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The Others

Released 2001. Director: Alejandro Amenabar

THE HEAVY CURTAINS ARE DRAWN, THE SOLID DOORS LOCKED. Darkness fills the room except for the faint illumination from an oil lamp. Footsteps on the ceiling, crying in the next room, music in the dead of night, secrets hide in the shadows inside a colossal mansion. If you feel the temperature has dropped a little it’s because The Others is a suspenseful and chilly supernatural thriller.

The set-up is familiar, a take on the old haunted house genre where everyone is either a ghost or an unfortunate living soul running scared and trapped in spooky surroundings. Whilst the basic elements are recognizable, Writer director Alejandro Amenabar offers a little more than the usual. He wants us to doubt our understanding of the living and the dead, our perceptions and suspicions. His characters have no way out of the fog-shrouded Channel Islands of 1945. The other-worldliness of the surroundings heightens their predicament, while serving a greater purpose of establishing a grim reality unbeknownst to those in the house.

Nicole Kidman, looking eerily like Grace Kelly, finds herself at the centre of a whirlpool of spirits and mystery. Her two young children suffer from a rare photosensitive condition and cannot be exposed to sunlight or they’ll die. The protective instincts of a mother in the face of an unknown threat is the force that drives the story, fiercely territorial and uncompromising in one of Kidman’s more memorable performances.

To keep her children safe, she makes sure the house is forever cloaked in semi-darkness, with nothing stronger than the flame of an oil lamp. No door must be opened without the previous one being locked first, blocking the light like containing water in a sinking ship. Under such circumstances, how could this not be the perfect setting for a ghostly tale of creaking floorboards, distant whispers and late night piano music?

Visually, this is a photographer’s dream. Shifting light and flowing shadows play hide and seek on walls, stairs and balconies. Outside, a deep fog swallows up the house and hangs over bare branches, fallen leaves and, wait, are those gravestones? Someone buried here? Javier Aguirresarobe’s cinematography creates an atmosphere thick with portents, inside and outside the house, like a character unto itself, silently watching.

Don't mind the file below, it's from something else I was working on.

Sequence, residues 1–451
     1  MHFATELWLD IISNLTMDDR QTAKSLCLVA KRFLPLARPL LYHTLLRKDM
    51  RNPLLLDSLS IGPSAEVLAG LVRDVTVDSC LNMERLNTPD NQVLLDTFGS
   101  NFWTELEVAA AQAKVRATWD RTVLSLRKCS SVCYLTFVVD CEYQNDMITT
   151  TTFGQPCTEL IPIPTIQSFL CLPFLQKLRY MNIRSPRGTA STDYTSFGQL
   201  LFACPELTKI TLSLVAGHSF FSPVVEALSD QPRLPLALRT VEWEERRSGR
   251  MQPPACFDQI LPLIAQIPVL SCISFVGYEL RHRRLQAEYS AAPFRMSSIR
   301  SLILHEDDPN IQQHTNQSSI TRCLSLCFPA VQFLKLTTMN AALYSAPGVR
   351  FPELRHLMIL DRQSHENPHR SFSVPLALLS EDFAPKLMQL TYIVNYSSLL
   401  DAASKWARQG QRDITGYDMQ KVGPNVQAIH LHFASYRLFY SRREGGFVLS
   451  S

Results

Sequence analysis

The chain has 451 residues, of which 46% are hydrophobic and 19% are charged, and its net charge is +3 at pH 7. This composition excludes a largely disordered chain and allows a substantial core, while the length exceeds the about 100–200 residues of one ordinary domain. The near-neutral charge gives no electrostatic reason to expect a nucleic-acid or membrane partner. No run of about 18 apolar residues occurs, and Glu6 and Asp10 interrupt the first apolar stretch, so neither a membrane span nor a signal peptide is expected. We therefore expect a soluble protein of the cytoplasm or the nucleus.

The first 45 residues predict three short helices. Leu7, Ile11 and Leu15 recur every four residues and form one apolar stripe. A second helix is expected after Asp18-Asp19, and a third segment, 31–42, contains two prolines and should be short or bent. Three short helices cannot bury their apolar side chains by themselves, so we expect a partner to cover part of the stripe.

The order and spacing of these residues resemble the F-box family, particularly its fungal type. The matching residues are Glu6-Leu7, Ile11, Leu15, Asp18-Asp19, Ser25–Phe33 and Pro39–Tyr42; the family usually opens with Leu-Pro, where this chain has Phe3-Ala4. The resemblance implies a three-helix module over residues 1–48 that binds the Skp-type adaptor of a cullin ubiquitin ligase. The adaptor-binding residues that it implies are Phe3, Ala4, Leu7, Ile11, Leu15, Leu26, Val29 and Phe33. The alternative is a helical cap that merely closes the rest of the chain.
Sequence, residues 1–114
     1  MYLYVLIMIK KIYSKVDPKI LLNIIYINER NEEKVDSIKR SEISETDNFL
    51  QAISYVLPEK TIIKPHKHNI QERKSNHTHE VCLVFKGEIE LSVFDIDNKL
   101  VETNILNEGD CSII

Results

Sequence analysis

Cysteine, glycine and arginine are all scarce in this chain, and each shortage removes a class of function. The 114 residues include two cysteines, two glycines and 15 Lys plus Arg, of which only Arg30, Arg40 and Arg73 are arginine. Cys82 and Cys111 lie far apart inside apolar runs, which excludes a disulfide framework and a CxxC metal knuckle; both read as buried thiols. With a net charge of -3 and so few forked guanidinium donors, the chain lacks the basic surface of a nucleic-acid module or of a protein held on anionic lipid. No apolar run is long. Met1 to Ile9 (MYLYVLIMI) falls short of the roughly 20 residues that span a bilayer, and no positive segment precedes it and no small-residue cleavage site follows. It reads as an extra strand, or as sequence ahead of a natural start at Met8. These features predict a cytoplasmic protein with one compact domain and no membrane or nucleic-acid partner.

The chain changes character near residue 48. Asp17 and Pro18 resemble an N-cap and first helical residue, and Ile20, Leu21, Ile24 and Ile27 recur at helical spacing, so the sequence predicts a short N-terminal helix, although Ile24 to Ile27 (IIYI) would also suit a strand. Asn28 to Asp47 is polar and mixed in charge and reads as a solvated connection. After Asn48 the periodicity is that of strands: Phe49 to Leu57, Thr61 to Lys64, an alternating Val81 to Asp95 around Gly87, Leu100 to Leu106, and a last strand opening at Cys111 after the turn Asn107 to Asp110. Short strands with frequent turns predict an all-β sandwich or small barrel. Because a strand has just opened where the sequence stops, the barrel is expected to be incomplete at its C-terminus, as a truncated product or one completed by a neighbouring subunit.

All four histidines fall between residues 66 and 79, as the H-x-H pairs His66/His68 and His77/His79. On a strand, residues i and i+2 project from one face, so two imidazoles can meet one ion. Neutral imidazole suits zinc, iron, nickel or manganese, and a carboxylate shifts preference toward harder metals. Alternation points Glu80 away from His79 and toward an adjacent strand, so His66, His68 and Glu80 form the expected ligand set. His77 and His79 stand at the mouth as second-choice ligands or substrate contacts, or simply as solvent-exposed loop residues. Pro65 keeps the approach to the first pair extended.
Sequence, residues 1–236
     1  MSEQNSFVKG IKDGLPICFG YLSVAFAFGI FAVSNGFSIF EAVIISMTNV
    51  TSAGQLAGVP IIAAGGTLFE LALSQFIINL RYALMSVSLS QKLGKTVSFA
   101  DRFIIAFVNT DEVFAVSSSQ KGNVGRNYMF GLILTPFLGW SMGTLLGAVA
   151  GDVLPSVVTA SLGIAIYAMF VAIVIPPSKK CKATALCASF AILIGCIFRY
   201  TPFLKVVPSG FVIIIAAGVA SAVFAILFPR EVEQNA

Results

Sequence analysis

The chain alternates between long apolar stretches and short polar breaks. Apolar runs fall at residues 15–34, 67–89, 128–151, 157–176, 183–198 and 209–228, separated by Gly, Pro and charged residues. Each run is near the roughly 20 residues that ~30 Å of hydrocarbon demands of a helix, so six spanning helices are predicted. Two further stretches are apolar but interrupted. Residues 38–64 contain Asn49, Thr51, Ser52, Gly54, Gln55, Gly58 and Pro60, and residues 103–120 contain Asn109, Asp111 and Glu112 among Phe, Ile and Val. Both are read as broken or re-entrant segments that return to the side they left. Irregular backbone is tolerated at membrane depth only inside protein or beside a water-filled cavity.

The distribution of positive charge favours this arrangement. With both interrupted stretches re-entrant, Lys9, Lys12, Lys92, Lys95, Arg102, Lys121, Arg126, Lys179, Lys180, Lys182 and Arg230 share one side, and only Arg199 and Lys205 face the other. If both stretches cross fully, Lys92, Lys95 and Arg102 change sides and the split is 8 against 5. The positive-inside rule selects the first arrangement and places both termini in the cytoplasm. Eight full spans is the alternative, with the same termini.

Amenabar relies on old-school methods to sustain an eerie mood. There are no computer-generated special effects here. The Others doesn’t use gore, blood, body count or horror images but clever use of light and sound to maximise the power of suggestion in your mind. As the haunting increases, mother and children are trapped in their own home, lost in a maze, suspended in time. What they fear, and what we don’t see, can often have a stronger presence by being invisible.

The three servants, led by Fionnula Flanagan’s obliging yet guarded housekeeper, seem to be hiding a secret of their own and keeping their employer literally in the dark about many things.

All this leads to a cleverly constructed surprise at the end that questions who “the others” really are. Observant audiences will catch on with the unexpected return of the husband and father, a soldier at war presumed dead. Christopher Eccleston has a short but significant role as the man who comes home to farewell his wife and children.

A story of unfinished business, of restless souls waiting, of a mother questioning her own sanity, The Others speaks of sadness and loss in the afterlife, with suspense, style and supernatural iciness.

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